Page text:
In the movie’s absurdist vision, Batman’s antagonist is the sniggering mobster Jack Napier (Jack Nicholson), who turns into the leering madman the Joker. Clearly, Batman and the Joker are intended to represent good and evil counterparts, or, at least, twin freaks, locked together in combat; it was Jack Napier who made an orphan of Bruce Wayne, and it was Batman who dropped Jack into the vat of toxic chemicals that disfigured him. That’s the basic plan. But last year’s writers’ strike started just as the movie was set to go into production, and the promising script, by Sam Hamm (it reads beautifully), never got its final shaping; the touching up that Warren Skaaren (and uncredited others) gave it didn’t develop the characters or provide the turning points that were needed. With the young hipster Keaton and the aging hipster Nicholson cast opposite each other, we expect an unholy taunting camaraderie—or certainly some recognition on Batman’s part that he and the Joker have a similarity. And we do get a tease now and then: when the two meet, their actions have the formality of Kabuki theatre. But the underwritten movie slides right over the central conflict: good and evil hardly know each other.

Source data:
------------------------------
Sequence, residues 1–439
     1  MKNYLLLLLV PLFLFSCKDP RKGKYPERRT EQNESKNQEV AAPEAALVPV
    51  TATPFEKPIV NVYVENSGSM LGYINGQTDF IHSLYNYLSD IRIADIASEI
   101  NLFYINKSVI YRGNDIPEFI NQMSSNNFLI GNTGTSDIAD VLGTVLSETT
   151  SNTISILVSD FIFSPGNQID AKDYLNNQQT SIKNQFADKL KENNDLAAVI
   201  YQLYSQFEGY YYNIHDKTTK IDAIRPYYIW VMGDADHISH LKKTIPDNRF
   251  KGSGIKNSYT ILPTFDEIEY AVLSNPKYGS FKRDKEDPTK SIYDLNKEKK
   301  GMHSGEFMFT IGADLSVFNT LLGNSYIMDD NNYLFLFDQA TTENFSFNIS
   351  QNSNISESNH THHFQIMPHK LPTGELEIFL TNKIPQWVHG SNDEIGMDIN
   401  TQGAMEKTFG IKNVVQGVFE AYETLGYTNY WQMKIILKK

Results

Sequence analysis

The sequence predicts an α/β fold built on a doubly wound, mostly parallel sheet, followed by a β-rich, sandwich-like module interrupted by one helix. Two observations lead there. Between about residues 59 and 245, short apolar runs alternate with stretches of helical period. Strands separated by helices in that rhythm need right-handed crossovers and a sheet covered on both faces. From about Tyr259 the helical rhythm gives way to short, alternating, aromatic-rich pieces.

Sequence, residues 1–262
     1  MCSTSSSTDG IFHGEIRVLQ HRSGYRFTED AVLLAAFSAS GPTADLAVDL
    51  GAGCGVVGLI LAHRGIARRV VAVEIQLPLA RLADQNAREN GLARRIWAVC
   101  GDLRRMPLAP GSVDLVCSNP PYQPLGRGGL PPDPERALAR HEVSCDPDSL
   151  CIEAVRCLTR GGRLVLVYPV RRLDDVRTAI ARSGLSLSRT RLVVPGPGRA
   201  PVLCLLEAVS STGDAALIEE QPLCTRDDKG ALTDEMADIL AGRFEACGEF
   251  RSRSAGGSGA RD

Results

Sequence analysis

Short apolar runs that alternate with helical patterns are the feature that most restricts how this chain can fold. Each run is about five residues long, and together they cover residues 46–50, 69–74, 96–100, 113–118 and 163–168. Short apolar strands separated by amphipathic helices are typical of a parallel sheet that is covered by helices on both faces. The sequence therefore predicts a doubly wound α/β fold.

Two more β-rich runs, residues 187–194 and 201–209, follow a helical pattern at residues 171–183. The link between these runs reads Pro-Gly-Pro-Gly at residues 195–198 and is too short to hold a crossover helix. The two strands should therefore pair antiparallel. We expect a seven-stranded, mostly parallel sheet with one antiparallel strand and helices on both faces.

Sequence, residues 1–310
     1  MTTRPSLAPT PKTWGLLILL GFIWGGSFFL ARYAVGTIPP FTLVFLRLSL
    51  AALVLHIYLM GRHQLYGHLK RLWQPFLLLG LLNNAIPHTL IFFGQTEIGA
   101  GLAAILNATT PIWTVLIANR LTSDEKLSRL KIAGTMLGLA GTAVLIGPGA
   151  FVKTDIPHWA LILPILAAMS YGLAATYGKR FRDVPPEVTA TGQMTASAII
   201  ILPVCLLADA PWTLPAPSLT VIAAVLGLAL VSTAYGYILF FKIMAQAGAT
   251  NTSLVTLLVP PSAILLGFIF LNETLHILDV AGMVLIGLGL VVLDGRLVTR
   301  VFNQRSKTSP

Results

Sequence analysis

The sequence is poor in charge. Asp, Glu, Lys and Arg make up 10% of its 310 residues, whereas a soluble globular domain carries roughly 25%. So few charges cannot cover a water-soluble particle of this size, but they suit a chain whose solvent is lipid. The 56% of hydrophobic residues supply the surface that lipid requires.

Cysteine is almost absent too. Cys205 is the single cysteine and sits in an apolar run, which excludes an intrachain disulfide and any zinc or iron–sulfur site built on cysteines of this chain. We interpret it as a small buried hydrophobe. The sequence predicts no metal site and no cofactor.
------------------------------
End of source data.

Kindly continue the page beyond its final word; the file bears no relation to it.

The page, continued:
At times, it’s as if pages of the script had drifted away. The mob kingpin (Jack Palance, in a hearty, ripe performance) is toppled by Jack Napier, who moves to take control of the city, but we’re not tipped to what new corruption he has in mind. We wait for the moment when the photojournalist Vicki Vale (Kim Basinger), who’s in love with Bruce Wayne and is drawn to Batman, will learn they’re the same person. She’s just about to when the scene (it’s in her apartment) is interrupted by the Joker, who barges in with his henchmen—we expect him to carry her away. The revelation of Batman’s identity is suspended (we never get to see it), and the Joker trots off without his prize. After this double non-whammy, a little air seems to leak out of the movie. And it’s full of these missed moments; the director just lets them go. Vicki and Bruce, dining together, are seated at opposite ends of an immense banquet table in a baronial hall in Wayne Manor; two thousand years of show business have prepared us for a zinging payoff—we feel almost deprived when we don’t get it. Yet these underplayed scenes have a pleasing suggestiveness. The dinner scene, for example, shows us that Bruce is flexible, despite his attraction to armor. (He collects it.) And Vicki quickly realizes that the Bruce Wayne-Batman identity is less important than the question Is he married only to his Batman compulsion or is he willing to share his life with her?